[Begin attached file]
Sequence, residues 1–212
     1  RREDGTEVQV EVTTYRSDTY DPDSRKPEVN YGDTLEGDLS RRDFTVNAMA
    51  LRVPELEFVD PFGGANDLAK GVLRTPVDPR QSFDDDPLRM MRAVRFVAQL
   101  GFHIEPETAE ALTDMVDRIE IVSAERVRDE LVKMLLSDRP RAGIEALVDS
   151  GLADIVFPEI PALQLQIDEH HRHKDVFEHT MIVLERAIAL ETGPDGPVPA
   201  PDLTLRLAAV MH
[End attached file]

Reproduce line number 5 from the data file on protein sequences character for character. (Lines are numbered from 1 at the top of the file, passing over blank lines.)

   151  GLADIVFPEI PALQLQIDEH HRHKDVFEHT MIVLERAIAL ETGPDGPVPA